Dangerous Bear Call in Mammoth

Former Mammoth Police Wildlife Officer Steve Searles reports an intense bear incident at the Cabins at Crooked Pines in Mammoth last week. Searles reports that he and an Animal Planet cameraman were following a bear when the bear entered a home where an eleven month old girl was sleeping.

Searles reports that he and the cameraman were following a bear to check out its age, size, and sex, something that he routinely did when he worked for the police department. Searles says that the bears usually don’t even know that hes there as he works to find their dens and observe their feeding habits. 60% of what I do is observing, he says.

Thinking that the bear might be headed to a culvert to take shelter until the evening, Searles says that this bear headed toward the Cabins at Crooked Pines got onto its hind legs and appeared to be trying to enter the unit. When he heard the sound of the screen being ripped off, Searles picked up some rocks, as hes no longer allowed to carry any of the non lethal tools that he developed under the Police Department, and ran to the front porch.

On the porch, Searles says that there was a lady on the porch, unaware that there was a bear 15 feet behind her. When he asked if there was anyone else in the house, she said she was baby sitting her 11 month old granddaughter. Entering the home, Searles says that he put his back to door where the baby was sleeping and open the door 3 feet across the hallway to find the bear in a separate bedroom.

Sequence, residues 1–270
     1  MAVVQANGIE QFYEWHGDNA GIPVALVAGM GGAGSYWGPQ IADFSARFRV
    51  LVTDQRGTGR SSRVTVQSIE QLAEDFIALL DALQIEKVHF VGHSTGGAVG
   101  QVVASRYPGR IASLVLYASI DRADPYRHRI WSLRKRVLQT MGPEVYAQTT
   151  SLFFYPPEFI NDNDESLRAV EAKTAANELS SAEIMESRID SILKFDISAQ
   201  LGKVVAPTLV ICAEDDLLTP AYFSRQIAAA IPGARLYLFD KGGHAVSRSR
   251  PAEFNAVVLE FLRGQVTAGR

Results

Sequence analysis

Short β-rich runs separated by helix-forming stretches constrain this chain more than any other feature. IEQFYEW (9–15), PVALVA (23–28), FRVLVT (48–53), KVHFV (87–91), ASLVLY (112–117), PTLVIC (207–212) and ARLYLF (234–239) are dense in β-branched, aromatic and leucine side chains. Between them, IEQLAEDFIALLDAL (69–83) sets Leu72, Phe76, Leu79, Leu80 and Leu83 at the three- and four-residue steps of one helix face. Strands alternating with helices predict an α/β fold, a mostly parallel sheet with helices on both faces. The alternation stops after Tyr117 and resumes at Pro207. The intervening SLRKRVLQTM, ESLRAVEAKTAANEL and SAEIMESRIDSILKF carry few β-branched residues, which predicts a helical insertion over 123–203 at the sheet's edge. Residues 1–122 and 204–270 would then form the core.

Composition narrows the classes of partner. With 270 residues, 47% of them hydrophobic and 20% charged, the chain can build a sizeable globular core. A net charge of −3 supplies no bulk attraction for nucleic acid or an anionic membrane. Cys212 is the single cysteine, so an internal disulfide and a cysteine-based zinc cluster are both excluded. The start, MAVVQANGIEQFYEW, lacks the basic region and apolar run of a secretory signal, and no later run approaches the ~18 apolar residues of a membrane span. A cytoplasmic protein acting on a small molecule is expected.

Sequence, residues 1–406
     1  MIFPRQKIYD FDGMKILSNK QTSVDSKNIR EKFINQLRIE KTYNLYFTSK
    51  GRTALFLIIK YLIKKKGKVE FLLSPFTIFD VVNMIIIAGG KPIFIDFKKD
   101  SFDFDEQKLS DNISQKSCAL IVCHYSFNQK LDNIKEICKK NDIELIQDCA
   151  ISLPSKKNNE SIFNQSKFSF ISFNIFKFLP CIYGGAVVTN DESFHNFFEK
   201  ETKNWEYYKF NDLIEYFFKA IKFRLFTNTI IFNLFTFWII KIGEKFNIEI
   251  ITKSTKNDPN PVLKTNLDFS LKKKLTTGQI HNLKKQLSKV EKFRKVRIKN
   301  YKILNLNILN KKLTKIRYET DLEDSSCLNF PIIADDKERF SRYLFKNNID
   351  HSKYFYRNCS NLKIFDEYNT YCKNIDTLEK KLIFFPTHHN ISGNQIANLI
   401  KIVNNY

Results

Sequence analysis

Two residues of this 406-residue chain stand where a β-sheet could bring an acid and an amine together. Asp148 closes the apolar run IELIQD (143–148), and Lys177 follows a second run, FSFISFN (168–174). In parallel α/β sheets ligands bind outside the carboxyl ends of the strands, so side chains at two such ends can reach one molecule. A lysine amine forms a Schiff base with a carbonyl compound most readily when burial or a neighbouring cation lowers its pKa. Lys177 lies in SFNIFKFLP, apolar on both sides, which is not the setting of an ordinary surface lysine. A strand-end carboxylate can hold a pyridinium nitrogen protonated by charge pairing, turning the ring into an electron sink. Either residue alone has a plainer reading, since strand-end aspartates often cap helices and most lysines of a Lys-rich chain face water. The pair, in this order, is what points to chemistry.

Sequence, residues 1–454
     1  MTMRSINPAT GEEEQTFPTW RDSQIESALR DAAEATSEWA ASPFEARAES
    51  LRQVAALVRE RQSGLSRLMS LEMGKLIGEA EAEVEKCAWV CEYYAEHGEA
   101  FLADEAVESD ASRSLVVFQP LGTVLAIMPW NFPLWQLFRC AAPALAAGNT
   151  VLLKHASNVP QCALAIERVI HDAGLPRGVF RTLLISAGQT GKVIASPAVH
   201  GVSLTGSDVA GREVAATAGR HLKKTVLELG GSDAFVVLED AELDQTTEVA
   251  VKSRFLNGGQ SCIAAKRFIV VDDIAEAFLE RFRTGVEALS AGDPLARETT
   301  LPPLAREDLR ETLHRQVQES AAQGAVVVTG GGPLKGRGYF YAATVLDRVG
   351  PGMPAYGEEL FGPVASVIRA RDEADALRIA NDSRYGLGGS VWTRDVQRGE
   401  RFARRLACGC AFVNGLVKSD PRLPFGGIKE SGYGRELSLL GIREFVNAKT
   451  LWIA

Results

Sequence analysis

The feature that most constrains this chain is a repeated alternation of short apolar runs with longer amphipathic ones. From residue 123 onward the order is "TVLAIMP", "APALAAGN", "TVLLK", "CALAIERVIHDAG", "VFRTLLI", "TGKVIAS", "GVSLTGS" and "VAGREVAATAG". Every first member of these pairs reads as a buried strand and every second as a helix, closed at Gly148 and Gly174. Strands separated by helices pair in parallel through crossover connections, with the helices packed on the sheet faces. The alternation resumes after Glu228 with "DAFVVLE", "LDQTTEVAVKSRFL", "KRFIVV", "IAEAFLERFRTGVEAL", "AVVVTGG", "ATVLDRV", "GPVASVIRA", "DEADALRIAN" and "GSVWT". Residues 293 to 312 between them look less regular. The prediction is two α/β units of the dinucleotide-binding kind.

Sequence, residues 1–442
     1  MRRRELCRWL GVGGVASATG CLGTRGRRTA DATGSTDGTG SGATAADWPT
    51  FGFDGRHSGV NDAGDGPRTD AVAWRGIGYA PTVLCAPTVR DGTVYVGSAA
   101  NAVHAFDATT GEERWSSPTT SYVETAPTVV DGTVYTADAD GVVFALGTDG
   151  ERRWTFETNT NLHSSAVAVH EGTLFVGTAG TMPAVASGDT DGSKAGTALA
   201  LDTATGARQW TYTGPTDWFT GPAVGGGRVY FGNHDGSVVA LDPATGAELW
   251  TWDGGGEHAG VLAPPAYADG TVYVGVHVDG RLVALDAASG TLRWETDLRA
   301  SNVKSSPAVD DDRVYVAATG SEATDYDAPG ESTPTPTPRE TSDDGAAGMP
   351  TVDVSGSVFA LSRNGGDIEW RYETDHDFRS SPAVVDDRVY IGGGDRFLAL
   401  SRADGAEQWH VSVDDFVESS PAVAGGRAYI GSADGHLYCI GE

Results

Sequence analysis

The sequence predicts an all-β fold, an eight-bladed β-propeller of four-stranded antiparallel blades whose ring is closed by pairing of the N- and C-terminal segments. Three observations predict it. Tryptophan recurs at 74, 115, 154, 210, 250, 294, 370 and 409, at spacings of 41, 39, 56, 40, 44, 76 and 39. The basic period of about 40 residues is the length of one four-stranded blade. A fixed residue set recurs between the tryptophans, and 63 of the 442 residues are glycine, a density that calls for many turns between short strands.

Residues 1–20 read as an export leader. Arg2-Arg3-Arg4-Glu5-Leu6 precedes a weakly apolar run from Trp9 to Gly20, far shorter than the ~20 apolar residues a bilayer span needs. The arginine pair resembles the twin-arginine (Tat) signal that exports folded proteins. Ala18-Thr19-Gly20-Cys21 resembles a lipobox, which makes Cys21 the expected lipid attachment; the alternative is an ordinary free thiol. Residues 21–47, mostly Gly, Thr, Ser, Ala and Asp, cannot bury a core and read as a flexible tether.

The woman, who didn’t know who Searles was terrified for her granddaughter, Searles says, screaming you’re scaring me.

Using his voice, body language, and posturing, Searles says that he held his position and drove the bear out the window. Meanwhile the camera man kept the woman on the porch as the bear was chased off. When the grandmother checked on the baby, Searles reports that the baby had been woken up, but was otherwise fine.

Of the intense situation, resolved with shouts, Searles says that bears don’t predate our children, but, I would have been irresponsible to leave it to chance.

With years of experience working with wild animals, we asked Searles if he was scared. He answered yes. As much as I love the bears, standing in a three foot wide hallway in front of a two and a half foot wide bear, Id be lying if I said otherwise, he says.

Searles says that usually he carries a 12 gauge shotgun with both lethal and non-lethal rounds. Under the new system, working for Bear With Us and not the Police, Searles can only carry his tools if there is an officer present. With this clutch situation, there was no time to call an officer, and Searles was left to work with his voice.

When asked why Searles cant use the wildlife management tools that he developed over the years, Town Manager Rob Clark explained that the town is subject to the rules and regulations of the Department of Fish and Game. We’ve gone as far as we can, to authorize Searles under state law, he says. Were just starting the relationship with Bear With Us, Clark explained.

In this case, with no officer present, Steve took action based on the safety of a child, he says we are pretty pleased.

 

 
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